|The two display mount pieces: the hat mount (before the hat has been placed on it)|
and the plume mount, as they fit together. Now, the two-piece mount is ready
for the Chapeau and ready for exhibit!
The two-pieces of the display mount work in synchronicity. The internal body of the hat is supported by the cotton stockinette covered portion, which fits directly inside of the chapeau. The black display fabric covered base will provide the support to the fragile pointed ends of the hat.
Once the hat has been placed on its display support, the plume mount is slid into its receiving end and secured. The plume mount, while placed close to the hat, does not rub or rest on the hat in any way, and is not distracting to the viewer. The hat is now ready for exhibit.
|After treatment photograph of the exhibit ready|
mounted hat and plume.
We have conserved hundreds of hats at SAC. The hats have been made from leather, wool, cotton, silk, beaver pelt, molded plastic, synthetic textiles, and every combination of fabrics. Each fabric behaves differently based on its age, its past use, the way it has been displayed or stored, and how much light it has been exposed to over time.
The hat below is an officer's foraging cap from the American Civil War, featuring a quatrefoil design applied with soutache braiding. The hat features a variety of materials including, leather, wool, silk, brass, metallic thread, and velvet pile fabric.
When a hat is composed of many different fabrics and materials, each piece must be considered individually when approaching the overall treatment of the hat and its needs for stabilization. For example, the close-up of the foraging cap (see below) shows where the crown, composed of wool, meets a decorative hat band of velvet, which is further embellished with a leather hat band with brass buttons. On the inside, it is stitched to a sweatband made of tanned leather.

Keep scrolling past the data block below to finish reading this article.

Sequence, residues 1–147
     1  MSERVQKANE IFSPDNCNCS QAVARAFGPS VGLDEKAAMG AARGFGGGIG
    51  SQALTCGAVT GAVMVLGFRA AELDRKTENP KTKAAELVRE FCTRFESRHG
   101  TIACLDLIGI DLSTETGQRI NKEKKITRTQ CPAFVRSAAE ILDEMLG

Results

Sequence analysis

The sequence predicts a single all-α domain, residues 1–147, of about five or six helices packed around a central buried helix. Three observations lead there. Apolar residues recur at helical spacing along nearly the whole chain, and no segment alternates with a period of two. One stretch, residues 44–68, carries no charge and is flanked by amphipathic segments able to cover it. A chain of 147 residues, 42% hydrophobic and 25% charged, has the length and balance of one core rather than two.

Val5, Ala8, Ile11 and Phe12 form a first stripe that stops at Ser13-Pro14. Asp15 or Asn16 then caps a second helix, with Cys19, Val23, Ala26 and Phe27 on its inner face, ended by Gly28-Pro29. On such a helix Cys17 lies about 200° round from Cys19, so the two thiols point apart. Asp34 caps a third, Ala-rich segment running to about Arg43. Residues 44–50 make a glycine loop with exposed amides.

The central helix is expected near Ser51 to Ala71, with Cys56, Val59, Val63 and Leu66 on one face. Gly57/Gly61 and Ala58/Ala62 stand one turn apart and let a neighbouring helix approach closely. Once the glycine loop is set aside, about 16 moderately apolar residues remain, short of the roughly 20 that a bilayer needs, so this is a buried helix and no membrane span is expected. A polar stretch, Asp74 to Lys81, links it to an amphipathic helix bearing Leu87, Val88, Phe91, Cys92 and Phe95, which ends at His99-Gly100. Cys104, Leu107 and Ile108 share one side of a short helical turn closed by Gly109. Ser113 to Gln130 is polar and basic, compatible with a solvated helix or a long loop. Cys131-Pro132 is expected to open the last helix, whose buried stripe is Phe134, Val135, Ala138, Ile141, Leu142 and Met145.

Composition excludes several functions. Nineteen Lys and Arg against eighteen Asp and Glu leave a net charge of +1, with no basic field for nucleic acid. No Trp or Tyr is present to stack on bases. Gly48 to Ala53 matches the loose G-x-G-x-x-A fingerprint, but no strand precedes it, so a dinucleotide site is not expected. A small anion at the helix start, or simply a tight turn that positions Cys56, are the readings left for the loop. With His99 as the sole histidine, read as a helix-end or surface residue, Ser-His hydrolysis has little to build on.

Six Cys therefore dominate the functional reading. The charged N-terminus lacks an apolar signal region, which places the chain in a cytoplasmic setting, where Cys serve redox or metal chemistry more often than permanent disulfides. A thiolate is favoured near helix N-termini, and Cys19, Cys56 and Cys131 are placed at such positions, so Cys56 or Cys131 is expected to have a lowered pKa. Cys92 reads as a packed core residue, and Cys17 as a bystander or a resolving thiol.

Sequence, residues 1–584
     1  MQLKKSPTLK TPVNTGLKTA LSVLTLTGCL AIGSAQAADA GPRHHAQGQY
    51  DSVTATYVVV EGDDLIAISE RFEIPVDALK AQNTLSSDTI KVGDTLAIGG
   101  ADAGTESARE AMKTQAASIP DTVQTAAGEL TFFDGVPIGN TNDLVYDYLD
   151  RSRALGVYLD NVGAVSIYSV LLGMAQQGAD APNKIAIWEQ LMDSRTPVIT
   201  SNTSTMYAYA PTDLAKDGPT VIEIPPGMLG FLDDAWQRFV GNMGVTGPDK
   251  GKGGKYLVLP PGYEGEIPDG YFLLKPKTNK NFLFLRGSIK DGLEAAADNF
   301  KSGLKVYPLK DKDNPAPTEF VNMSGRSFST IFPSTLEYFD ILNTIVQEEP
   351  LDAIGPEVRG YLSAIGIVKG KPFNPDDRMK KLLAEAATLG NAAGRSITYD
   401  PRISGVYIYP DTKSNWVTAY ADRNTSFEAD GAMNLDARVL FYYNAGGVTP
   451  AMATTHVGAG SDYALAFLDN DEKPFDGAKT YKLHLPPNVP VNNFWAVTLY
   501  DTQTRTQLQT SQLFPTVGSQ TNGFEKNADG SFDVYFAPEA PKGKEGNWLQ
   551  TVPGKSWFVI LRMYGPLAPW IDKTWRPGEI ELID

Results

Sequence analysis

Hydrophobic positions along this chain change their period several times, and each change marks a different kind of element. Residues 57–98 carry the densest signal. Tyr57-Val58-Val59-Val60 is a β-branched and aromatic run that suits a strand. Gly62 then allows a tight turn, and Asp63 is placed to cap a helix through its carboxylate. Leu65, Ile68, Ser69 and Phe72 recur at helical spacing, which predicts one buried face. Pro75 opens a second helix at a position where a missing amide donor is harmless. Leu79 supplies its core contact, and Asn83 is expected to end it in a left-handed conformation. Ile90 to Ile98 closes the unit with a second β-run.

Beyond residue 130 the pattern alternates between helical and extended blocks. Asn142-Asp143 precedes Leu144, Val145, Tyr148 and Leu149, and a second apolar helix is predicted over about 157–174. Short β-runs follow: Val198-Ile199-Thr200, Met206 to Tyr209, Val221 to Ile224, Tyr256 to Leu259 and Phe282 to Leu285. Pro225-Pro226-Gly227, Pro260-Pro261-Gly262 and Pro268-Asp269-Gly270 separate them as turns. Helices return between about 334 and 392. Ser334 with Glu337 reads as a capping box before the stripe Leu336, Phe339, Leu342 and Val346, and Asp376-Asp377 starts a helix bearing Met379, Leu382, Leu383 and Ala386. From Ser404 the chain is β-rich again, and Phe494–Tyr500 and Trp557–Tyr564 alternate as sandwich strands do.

A hat like this with its various parts must be mounted to support all of the pieces of the crown, but the mount must support the heavy but fragile brim. Below, the underside of the supported hat can be seen. Here the brim support, was mad using Vivak and then covered in black cotton fabric, is attached to the base of the mount. It is positioned just under the brim of the hat to provide stability and support (while always using only archival materials).
Hat brims, whether they are just at the front of the hat (like a baseball style hat), or if they extend outward around the entire circumference of the hat (like a cowboy hat, or a sombrero) must have stability provided to this overhanging area. Without stability, the area of attachment of the brim to the hat grows weaker or in some cases separates from the hat entirely, such was the case with the leather shako hat below (see image below).
|The shako and its brim; here in two pieces that needed reattachment|
and increased stability. There are times when treatment alone is not sufficient.
The 200+ year old leather shako and its leather brim required a reunion. But how to keep them together in a more supportive way? The shako had been mended before, but the weight of hat and brim and their precarious intersection were factors that would lead ultimately to a possible failure in the repair, especially if the hat was improperly supported during handling. The answer once again, was in creating custom formed full brim support of Vivak covered with black cotton fabric, and placing it under the brim, directly attached to the internal support materials (see photo below):
Remember that hats are 3-dimensional, and keep in mind that they can only achieve 3-dimensionality with support and must be properly mounted to maintain their shape. At Spicer Art Conservation we constantly strive to provide the best conservation of an artifact, which includes the repair or stabilization of the item, the best way to allow the item to be fully understood, studied or displayed, while keeping handling to a minimum. Our mounting methods, whether for storage or for display are holistically considered to provide full support of the artifact, enable minimal handling, and when possible enable seamless transition from storage to exhibit.
Read more about choosing the right filling materials for your hat in our former blog post "Supporting textile artifacts without tissue paper - save a tree!", where we discuss the downfalls of stuffing hats (and other 3-D artifacts) with tissue paper.
Make sure you visit Brigid Mountmaking's website to see the amazing work that they do.
Are there hats in your collection that need care? Contact us by phone or email, we are happy to help.
Gwen Spicer is a conservator in private practice who is a recognized expert in the care of textiles, object, paper and upholstered artifacts.